Me, I'll be giving it my best go. I'll be honest with you—the last time I participated, I failed. I fell short of my goal and denied myself a victory lap. This time, things will be different. There's a variety of reasons for my new found confidence, not the least of which is the fact that I have a monumentally more flexible writing schedule now, but chiefly it's because my attitude is different. I consider myself a professional, and I intend to work like one. Fifty thousand words in a month? Piece of cake. Let's do this.

The rebellion begins in three days. Who's coming with me? My NaNo username is AuthorAlden.

25 comments:

  1. It's only 1667 words a day. It's doable in theory. I only got to 20 or 25K last year. If you're doing it, you should do it to accomplish your goals, not someone elses.

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    1. I plan on sticking to a 5 day work week (depending on how things go), so it's going to be around 2400 words a day for me until I break down and start working on weekends. That's still doable as long as I keep my schedule strict and pry off the backspace key.

      Thanks for the comment, Tonja!

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  2. I think any method of pushing yourself beyond your limits and writing consistently is great, whether you call it NaNo or not, whether you stick to someone else's guidelines or go at your own pace. There's nothing more energizing than working to be better than before and seeing the results. Even determination alone can give you a tremendous boost.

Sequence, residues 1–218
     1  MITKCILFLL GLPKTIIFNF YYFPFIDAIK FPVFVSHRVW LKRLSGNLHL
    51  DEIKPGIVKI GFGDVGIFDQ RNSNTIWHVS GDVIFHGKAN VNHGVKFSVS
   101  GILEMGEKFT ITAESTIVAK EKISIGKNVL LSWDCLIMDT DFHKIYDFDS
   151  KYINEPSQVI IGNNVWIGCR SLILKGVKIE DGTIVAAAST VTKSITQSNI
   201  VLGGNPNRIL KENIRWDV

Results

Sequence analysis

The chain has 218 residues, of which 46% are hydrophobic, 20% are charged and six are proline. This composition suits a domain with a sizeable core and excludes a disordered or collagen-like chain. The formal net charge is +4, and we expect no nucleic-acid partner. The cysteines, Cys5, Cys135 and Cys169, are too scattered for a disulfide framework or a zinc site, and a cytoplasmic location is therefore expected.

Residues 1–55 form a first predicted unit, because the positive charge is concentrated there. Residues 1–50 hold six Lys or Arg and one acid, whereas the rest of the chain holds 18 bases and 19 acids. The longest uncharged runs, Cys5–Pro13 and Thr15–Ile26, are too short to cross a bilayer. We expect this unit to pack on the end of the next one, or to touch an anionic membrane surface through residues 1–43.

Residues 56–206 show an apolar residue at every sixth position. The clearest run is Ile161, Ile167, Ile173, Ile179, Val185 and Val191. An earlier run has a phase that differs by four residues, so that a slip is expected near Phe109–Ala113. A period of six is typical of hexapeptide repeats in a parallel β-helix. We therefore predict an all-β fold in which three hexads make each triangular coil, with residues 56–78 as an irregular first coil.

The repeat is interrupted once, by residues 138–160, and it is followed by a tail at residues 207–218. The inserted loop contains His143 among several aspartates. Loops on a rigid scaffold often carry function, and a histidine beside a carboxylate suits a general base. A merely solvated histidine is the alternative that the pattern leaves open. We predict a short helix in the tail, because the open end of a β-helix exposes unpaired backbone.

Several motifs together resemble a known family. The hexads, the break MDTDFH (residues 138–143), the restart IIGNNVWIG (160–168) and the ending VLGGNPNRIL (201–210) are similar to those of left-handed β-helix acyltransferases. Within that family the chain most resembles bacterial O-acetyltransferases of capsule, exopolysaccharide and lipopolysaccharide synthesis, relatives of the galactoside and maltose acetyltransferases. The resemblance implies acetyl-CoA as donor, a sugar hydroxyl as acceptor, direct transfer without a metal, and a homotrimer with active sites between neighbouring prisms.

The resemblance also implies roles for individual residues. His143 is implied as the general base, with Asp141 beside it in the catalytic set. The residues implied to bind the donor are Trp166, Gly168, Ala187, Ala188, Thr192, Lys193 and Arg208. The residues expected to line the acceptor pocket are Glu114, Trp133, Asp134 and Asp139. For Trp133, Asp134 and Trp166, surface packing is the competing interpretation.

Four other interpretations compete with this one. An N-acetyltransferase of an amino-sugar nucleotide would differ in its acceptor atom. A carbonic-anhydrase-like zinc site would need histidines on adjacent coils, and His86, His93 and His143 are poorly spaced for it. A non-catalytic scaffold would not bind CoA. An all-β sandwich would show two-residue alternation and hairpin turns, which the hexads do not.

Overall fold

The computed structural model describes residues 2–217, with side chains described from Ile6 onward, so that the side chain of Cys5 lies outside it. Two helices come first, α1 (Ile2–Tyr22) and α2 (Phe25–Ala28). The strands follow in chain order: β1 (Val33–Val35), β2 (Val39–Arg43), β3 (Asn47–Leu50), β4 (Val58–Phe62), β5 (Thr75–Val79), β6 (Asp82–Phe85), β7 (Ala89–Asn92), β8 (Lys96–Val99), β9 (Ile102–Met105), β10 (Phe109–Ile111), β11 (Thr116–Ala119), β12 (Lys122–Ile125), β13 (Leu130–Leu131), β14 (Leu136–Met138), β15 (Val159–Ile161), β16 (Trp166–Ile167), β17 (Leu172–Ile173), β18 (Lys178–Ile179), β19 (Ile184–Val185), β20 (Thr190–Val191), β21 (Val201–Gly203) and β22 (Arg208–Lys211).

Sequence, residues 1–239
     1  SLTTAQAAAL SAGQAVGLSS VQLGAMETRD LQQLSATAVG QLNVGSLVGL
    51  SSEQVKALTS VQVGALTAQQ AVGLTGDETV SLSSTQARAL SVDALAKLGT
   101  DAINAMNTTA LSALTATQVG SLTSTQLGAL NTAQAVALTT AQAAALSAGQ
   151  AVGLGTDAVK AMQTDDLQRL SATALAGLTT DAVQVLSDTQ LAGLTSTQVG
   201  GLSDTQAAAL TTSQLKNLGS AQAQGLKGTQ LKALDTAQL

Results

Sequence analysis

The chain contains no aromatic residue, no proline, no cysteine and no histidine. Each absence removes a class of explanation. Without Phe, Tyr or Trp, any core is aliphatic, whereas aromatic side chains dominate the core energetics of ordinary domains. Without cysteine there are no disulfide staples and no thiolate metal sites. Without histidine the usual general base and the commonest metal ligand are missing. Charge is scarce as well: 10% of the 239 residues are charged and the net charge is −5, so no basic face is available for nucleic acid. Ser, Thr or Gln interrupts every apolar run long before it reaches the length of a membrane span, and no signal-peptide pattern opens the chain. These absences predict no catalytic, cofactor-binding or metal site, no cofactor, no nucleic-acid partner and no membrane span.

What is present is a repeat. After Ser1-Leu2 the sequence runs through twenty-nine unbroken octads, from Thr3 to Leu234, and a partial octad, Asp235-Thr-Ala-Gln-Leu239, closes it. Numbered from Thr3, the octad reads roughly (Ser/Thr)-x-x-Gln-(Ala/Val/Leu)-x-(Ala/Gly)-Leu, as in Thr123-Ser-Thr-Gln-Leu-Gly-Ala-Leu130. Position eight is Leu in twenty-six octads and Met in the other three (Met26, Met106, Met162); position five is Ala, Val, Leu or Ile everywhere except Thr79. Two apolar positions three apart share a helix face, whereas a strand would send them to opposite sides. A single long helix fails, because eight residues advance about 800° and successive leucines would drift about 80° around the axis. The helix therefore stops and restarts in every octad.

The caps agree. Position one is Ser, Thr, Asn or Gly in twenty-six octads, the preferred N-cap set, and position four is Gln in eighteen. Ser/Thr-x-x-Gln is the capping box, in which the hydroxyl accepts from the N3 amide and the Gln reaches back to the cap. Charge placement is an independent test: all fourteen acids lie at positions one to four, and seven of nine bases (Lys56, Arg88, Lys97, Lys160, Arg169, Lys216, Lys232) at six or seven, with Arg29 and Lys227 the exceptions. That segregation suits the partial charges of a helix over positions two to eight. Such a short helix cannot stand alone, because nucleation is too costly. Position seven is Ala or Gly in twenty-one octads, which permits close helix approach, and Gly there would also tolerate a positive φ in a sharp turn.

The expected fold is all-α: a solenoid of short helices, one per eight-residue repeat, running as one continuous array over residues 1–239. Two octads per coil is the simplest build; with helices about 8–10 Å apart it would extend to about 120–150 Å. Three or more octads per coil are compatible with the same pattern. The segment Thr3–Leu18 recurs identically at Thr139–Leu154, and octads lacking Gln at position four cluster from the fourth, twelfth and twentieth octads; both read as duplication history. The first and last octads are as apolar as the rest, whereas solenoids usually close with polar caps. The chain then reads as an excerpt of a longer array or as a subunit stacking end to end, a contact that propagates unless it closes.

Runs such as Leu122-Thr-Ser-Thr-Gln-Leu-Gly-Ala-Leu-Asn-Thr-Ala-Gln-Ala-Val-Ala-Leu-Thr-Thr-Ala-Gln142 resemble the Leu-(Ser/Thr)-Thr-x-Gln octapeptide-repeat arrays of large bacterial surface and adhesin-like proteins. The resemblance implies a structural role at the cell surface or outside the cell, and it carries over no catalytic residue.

I'll be writing a damn lot this November too, though I'm not registering anywhere official. I'm revising my novel, and for me that means I'm rewriting every scene I'm not satisfied with (so practically most of them). I love it, to be honest, there's not the faintest drop in enthusiasm, quite the opposite. And practice has considerably increased my wordcount and my confidence. It's really all a matter of practice.

    So I say: good luck and keep your words flowing! I'll be rooting for you. :)

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    1. You're absolutely right, Vero. NaNo looks to kick everyone in the pants and get them writing, but what it's actually doing is showing people what they can do when they commit to hard work and a productive schedule. I think the best way to leave NaNo is not just with a sense of satisfaction, but determination, bringing those habits on into the month of December and the next year round. There's nothing special about November, after all. If you can do it then, there's no reason you can't do it anytime you want!

      Thanks for the encouragement, Vero!

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  3. Wahoo, NaNoWriMo Rebel! You go!I love your idea of hammering our a bunch of short stories instead of an entire novel. It's a great idea and I wish you lots of luck! I'm not doing NaNo myself this year as I'm in the final editing / writing stages of my current WIP, but I look forward to reading your updates!